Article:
w man, the offering of Earth to her Lord, unconscious on the High Altar, a sacrifice to Him and a dedication to the Spirit of Fate. Then from out of the unfathomable heights and from behind the impenetrable veil, God came down above the Altar and He breathed into man the breath of Eternal Life. Into his sleeping body God implanted a fragment of Himself, the Seed of a Soul and the Spark of Divinity, a man the mortal became man the heir of God and the inheritor of immortality. Henceforth he would have dominion over God's earthly estate, but he also had to unravel the Circles of Eternity, and his destiny was to be an everlasting seeking and striving. Man slept, but God opened the Great Eye within him and man saw a vision of unsurpassed glory. He heard the voice of God saying, "O man, in your hand is now placed the tablet of your inheritance, and My seal is upon it. Know that all you desire within your heart may be yours, but first it is necessary that you be taught its value. Behold, the Earth is filled with things of usefulness, they are prepared to your hand for a purpose, but the task is upon you to seek them out and learn their use. This is the tuition for the management of your inheritance." "What you know to be good, seek for and it shall be found. You may plumb the seas and pluck the stars. You may live in everlasting glory and savour eternal delights. Above and below and all about there is nothing beyond your reach; all, with one exception, is yours to attain". Then God laid His hand upon man, saying, "Now you are even as I, except you sleep there enclosed in matter in the Kingdom of Illusion, while I dwell here in the freedom of Reality and Truth. It is not for me to come down to you, but for you to reach out to Me." Man then saw a vision of glory encompassing even the Spheres of Splendour. Unbounded wisdom filled his heart and he beheld beauty in perfection. The ultimates of Truth and Justice were unveiled before him. He became one with the profound peace of eternity and knew the joys of unceasing gladness. The eternal ages of time unrolled as a scroll before his eyes, and he saw written thereon all that was to become and occur. The great vaults of Heaven were opened up unto him and he saw the everlasting fires and unconsumable powers that strove therein. He felt within himself the stirring of inexpressible love, and unlimited designs of grandeur filled his thoughts. His spirit ranged unhampered through all the spheres of existence. He was then even as God Himself, and he knew the secret of the Seven Spheres within Three Spheres. Then God lifted His hand from man and man was alone. The great vision departed and he awoke, only a dim and elusive recollection, no more than the shadow of a dream remained. But deep within the sleeping Soul there was a spark of remembrance and it generated within man a restless longing for he knew not what. Henceforth, man was destined to wander discontented, seeking something he felt he knew but could not see, something which continually eluded him, perpetually goaded him, and forever tantalized him. Deep within himself man knew something greater than himself was always with him and part of him, spurring him on to greater deeds, greater thoughts, greater aspirations. It was something out beyond himself, scarcely realized and never found; something which told him that the radiance seen on the horizon but dimly reflected the hidden glory beyond it. Man awoke, the revelation and vision gone, only the grim reality of Earth's untamed vastness surrounded him. But when he arose and stepped down onto the bosom of his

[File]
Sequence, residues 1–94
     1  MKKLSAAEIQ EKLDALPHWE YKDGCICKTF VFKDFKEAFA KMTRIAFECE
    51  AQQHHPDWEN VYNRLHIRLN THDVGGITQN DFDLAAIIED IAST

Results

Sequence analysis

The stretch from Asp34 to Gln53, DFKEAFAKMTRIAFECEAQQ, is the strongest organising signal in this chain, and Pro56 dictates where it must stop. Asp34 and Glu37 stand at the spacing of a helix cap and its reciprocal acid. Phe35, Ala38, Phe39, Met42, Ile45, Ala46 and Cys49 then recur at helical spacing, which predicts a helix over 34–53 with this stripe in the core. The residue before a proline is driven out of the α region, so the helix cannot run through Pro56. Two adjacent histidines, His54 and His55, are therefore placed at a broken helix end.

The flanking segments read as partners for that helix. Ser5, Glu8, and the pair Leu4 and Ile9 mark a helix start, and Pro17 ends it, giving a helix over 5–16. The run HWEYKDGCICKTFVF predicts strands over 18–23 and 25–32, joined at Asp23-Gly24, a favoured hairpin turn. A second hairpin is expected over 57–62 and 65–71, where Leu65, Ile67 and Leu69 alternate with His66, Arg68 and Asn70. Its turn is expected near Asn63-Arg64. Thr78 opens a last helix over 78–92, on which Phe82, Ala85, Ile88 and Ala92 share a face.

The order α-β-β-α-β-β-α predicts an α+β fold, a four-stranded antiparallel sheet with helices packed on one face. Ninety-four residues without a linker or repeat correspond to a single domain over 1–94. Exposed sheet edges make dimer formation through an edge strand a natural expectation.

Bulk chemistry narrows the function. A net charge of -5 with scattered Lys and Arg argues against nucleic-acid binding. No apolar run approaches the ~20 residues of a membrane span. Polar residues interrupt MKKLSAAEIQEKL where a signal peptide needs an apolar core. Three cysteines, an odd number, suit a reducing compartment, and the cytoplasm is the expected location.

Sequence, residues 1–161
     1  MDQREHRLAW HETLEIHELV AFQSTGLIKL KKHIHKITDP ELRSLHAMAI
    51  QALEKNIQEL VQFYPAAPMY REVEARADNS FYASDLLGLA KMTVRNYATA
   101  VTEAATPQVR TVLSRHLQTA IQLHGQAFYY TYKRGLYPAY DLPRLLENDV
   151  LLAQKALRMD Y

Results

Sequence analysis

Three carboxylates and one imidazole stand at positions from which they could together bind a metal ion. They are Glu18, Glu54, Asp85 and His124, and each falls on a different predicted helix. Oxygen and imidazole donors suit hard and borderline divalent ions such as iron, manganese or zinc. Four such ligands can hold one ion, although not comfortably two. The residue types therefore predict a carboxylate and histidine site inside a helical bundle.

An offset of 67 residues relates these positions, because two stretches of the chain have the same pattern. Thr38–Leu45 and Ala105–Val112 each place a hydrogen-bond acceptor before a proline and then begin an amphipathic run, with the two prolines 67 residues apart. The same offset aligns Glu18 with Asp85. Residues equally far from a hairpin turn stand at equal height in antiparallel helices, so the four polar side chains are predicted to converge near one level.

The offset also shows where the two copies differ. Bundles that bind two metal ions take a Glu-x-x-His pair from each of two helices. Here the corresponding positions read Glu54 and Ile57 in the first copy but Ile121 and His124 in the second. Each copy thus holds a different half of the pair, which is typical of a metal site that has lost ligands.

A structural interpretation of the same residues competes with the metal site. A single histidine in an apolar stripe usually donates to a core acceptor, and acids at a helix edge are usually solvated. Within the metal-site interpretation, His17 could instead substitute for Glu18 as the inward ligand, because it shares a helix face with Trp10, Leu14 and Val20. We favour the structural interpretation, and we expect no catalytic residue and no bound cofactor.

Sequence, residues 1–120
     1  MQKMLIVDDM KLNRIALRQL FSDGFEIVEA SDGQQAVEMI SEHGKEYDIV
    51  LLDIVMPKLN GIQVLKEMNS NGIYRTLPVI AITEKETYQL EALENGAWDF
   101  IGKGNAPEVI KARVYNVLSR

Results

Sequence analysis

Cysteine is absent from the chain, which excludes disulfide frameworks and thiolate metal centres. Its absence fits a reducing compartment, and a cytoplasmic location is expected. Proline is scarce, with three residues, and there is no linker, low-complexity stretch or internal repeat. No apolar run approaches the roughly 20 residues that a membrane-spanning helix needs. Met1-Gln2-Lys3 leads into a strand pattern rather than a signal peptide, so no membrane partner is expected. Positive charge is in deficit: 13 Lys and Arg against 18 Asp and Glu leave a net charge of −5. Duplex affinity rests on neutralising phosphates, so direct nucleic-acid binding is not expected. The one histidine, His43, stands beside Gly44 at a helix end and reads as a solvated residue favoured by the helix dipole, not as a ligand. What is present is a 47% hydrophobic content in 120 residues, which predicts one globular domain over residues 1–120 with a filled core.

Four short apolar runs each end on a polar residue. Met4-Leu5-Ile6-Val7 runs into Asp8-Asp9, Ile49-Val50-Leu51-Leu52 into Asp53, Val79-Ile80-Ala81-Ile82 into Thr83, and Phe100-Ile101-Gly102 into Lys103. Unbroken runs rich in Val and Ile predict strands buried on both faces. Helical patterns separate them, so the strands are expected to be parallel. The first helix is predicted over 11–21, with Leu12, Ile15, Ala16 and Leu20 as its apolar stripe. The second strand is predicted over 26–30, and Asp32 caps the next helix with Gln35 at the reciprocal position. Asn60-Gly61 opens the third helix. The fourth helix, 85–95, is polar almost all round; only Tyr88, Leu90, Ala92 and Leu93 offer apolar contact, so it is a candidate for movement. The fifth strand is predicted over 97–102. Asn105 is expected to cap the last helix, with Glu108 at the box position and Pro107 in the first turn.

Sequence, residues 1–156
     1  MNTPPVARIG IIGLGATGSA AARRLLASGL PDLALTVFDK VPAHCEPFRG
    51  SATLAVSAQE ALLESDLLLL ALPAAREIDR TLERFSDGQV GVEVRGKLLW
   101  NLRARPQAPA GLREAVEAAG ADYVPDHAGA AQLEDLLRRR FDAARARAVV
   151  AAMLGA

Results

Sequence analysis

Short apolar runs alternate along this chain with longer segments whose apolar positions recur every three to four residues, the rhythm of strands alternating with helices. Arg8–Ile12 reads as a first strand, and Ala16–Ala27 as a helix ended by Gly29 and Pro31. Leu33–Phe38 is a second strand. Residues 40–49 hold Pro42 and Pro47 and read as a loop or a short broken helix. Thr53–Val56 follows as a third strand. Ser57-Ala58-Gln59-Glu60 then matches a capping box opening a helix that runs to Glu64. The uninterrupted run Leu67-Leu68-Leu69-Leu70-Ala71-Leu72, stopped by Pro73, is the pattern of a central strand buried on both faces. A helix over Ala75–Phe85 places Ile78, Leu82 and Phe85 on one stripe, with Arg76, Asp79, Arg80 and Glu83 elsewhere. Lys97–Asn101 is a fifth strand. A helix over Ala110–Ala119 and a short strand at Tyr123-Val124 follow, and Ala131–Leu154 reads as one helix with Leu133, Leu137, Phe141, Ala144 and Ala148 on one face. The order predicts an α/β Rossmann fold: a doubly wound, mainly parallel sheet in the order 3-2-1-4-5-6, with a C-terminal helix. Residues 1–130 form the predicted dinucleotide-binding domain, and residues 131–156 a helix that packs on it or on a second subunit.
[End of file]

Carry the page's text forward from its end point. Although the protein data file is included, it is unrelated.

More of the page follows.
Mother Earth he was undaunted by the great powers that beset him or by the magnitude of the task ahead. Within his heart he knew destiny lay beyond the squalor of his environment, he stepped out nobly, gladly accepting the challenge. He was now a new man, he was different. He looked above and saw glory in the Heavens. He saw beauty about him and he knew goodness and things not of the Earth. The vision of eternal values arose before his inner eye. His Spirit was responding to its environment, man was now man, truly man. The nature of man on Earth was formed after the nature of things in Heaven, and man had all things contained as potential within himself, except divine life. But he was as yet an untrained, undisciplined child, still nurtured simply upon the comforting bosom of Earth. Man grew in stature, but Earth was not indulgent, for she disciplined him firmly. She was ever strict and unyielding, chastening him often with blasts of displeasure. It was indeed the upbringing of one destined for greatness; he was made to suffer cold, that he might learn to clothe himself; sent into the barren places, that his limbs should be strengthened, and into forests, that his eye should become keen and his heart strong. He was perplexed with difficult problems and set the task of unraveling the illusions of Nature. He was beset with hardships of every description. He was tested with frustrations and tempted with allurements; never did Earth relax the vigilance of her supervision. The child was raised sternly, for he needed the fortitude, courage and cunning of a man, to fit him for the task ahead. He grew wily and wiry in the hunt; he became adaptable, able to cope with any untoward happening. Overcoming the bewilderments of early days he found explanations for the perplexities of his surroundings. Yet the struggle for knowledge, the need for adaptation and the effort to survive were never relaxed. The Earthchild was well trained and disciplined, he was never unduly mollycoddled. He cried for bread and went hungry, he shivered and was cast out, he was sick and driven into the forest. Weary he was lashed with storms, thirsty he found the wasters dried up. When weak his burden was increased and in the midst of rejoicing he was struck down with sorrow. In moments of weakness he cried, "Enough!" and doubted his destiny; but always something fortified and encouraged him, the Earthling never forfeited his godlikeness. For man was man, he was not cowed, nor his Spirit broken; a wise God knew his limitations. As it is written in the wisdom of men, 'over chastisement is as bad as no chastisement at all'. But man was rarely chastised, he was tried, tested and challenged; he was led, prodded and urged, yet nothing was done unneccessairily. The seeming imperfections of Earth, the hazards and inequalities of life, the cruelty, harshness and apparent indifference to suffering and affliction are not what they seem; as it is, Earth is perfect for its purpose. It is ignorance of that purpose which makes it appear imperfect. Where is there a wiser father than the Spirit of God, or a better mother than Earth? What man is now he owes to these, may he learn to be duly grateful. Above all let him never forget the lessons learned in his upbringing.